Driving across this expanse of desert, not passing a vehicle for days, it is easy to see the comfort of the nomadic life, as well as the struggle for existence. It’s very peaceful—just a few wild animals, the sky, vast stretches of land, quietly grazing herds. But the daily trek for water can be 30 or 40 miles, and there is no health care, no education, no places of worship. You live alone, and you will likely die alone. Why then does this way of life persist? Why is it so heartbreaking to see nomadic families lose everything, and be forced to live in villages, where they make less than 50 cents a day?

It’s about home. Home is not your living quarters, whether a hotel room, a grand palace, or a bundle of sticks and a tarpaulin. Home is not who you’re with, but who you miss. Home is about a sense of purpose, a feeling of well-being, regardless of services and amenities that are available. Home truly is “where the heart is.” But what does this have to do with me and Somaliland?

Donkey in Somaliland carrying firewood
Donkeys carry firewood and jerry cans in Somaliland.

In disaster recovery theory, we do not accept that we can enable a return to pre-event conditions. This is especially true in slow-onset disasters like droughts, where it is difficult to even set a time and place which is accepted as normal. Rather, there is a move towards building a new normal—a safer, more resilient, and more risk-adverse normal. In Somaliland, this means smaller herds, diverse income sources, and improved rangeland and water management. Technically sound, but for the old man who just wishes he could die the way he was born, on an open plain to the sound of camel bells and the blowing wind, it’s hooey. Recovery must be something you can believe in.

In my mind, recovering from a disaster is about accepting a new sense of the word normal, and embracing a future that is quite different from the past. It’s about acknowledging the inevitable march of progress, and anticipating the opportunity for previously unknown joys. It’s about coming home to a new home.

Serving the most vulnerable

I confess I’ve avoided writing about the families in this post for weeks. I doubt I’ll ever get to the point where photos like these don’t disturb me, but I will say there are fewer that shake me up inside – mostly because I know we’re doing something to help.

This set of photos and stories, sent by our staff in Somaliland (northern Somalia), really affected me. They were taken during an assessment of drought-affected communities to determine the needs of people there. One of World Concern’s priorities is to reach the most vulnerable first, so the families we help are often headed by females, have sick or disabled members, or are among the poorest of the poor; in this case, in the fifth poorest country in the world.

These are some of the families we met. I wanted to share their stories and photos so that others know their circumstances. To give them a voice, in a way.

Mother in Somaliland with sick husband
Khadra feels she has no alternative than to tie her mentally ill husband to their hut.

Khadra

It took me a moment to figure out what was going on in this photo to the right. It shows Khadra, a young mother of three from the Sanaag region outside her small hut fashioned from sticks, plastic and pieces of fabric. The family had 200 sheep and goats before the drought. They lost them all.

While talking with Khadra, our staff learned her husband is mentally ill, suffering from psychosis. Khadra said that she feels she has no alternative other than to tie him to their hut so he won’t wander away.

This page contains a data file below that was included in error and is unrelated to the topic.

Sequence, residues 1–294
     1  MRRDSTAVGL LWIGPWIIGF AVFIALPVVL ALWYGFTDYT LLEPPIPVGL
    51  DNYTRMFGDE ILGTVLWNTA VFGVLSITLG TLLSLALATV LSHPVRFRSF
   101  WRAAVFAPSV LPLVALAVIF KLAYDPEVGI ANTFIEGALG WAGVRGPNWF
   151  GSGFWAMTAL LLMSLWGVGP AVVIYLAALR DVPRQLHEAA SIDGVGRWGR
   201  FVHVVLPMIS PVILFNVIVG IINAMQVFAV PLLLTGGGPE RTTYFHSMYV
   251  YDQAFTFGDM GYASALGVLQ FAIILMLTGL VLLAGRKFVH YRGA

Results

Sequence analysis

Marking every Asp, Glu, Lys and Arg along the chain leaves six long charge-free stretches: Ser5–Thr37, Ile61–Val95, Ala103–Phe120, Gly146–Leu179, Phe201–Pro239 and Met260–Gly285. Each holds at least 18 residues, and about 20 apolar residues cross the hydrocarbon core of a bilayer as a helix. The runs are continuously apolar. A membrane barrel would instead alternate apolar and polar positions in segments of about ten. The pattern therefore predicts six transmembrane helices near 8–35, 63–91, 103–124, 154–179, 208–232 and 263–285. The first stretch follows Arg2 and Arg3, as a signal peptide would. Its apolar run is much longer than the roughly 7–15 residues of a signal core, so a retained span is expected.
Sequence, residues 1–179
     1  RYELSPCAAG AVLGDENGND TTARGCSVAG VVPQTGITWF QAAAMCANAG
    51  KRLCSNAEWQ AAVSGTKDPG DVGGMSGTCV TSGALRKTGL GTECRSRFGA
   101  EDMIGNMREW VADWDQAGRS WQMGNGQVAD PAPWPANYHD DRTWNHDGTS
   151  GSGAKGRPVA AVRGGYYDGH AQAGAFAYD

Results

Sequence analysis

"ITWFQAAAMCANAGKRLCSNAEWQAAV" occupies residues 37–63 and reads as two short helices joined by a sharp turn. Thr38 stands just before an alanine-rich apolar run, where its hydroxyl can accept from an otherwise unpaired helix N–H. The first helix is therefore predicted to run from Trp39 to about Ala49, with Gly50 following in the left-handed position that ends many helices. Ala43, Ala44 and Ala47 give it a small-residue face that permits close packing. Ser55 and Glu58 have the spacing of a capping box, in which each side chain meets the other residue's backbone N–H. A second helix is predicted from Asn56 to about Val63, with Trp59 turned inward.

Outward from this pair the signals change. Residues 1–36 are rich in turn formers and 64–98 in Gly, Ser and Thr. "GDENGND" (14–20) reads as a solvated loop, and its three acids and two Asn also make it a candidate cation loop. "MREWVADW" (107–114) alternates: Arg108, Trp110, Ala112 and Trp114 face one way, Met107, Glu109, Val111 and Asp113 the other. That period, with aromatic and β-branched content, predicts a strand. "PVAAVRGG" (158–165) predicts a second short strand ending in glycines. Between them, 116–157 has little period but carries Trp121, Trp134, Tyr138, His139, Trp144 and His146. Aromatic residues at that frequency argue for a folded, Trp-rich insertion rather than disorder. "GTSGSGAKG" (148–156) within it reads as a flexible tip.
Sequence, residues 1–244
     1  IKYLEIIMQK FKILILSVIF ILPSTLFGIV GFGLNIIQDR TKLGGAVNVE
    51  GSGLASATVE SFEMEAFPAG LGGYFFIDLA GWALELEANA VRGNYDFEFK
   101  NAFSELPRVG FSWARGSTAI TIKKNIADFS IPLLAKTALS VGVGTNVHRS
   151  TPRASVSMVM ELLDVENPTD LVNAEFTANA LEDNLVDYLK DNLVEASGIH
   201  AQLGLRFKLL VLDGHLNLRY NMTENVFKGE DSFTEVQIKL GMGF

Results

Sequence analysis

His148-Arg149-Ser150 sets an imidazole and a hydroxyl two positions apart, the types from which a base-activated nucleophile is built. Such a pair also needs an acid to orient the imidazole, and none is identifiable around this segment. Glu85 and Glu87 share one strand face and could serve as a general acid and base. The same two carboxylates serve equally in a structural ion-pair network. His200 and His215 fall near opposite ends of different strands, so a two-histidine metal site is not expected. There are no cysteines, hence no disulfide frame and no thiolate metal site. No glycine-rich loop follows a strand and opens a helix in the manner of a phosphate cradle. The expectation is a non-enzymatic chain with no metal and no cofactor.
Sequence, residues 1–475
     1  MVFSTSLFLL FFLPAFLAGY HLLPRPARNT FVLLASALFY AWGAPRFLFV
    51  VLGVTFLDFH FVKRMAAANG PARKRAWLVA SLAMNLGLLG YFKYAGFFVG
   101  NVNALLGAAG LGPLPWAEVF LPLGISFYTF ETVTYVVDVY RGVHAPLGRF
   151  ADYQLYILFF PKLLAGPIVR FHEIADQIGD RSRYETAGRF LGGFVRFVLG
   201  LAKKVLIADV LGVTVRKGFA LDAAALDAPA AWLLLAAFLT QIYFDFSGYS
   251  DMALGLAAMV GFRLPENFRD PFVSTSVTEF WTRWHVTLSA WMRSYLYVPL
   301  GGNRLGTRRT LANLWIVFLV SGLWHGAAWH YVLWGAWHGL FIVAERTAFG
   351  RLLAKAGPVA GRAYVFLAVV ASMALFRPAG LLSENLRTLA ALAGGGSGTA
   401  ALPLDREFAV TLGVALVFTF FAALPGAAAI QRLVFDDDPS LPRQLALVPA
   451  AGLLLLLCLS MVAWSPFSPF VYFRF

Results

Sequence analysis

I can assure you, there aren’t any social services in this part of Somalia. Definitely no mental health counseling.

Imagine being in Khadra’s position and not knowing what else to do. My heart aches for her.

A father with his children outside their home in Somaliland.
Salah is thin and ill with respiratory problems. He and his children live in this makeshift home in a drought-affected region of Somaliland.

Salah

The part of Salah’s family photo (left) that troubles me most is their home. You can see they’ve tried to use scraps of trash, or whatever they can find to create some sort of shelter, but it’s no match for the searing daytime sun or cold desert nights.

I’m assuming this father has lost his wife. I’m told he has chronic respiratory problems and is very sick. He and his children survive off of food provided by neighbors and relatives.

Arale

Arale (below, right) is a disabled father of four who migrated to Garadag after losing his herds to drought. Their only source of income is to send their children to look for animals owned by other families, for which the children earn a small daily wage.

World Concern is helping these families, and thousands of others, initially by trucking water into drought-affected communities in this region and distributing emergency food. Families also receive plastic tarps for shelter, jerrycans, mosquito nets and cooking pots.

A disabled man with his family in Somaliland.
Arale's children earn money for food by rounding up other people's animals.

Long-term, we’re building berkads (semi-underground water reservoirs) and digging new wells – 36 of them in the coming months! Another way we’re helping is providing people with the tools and knowledge to grow vegetables and improve nutrition through kitchen gardens.

There is hope for these families.

Somaliland is slightly more politically stable and has experienced more peace than the rest of Somalia, having declared its independence in 1991. This is one reason we’ve been able to make progress there. Time is another factor. We’ve worked there for 30 years, enabling us to respond quickly when disasters like drought, war or famine strike.

We’re hoping to reach more families like these throughout Somalia.

“Speak out for those who cannot speak, for the rights of all the destitute.  Speak out, judge righteously, and defend the rights of the poor and needy.”  Proverbs 31:8-9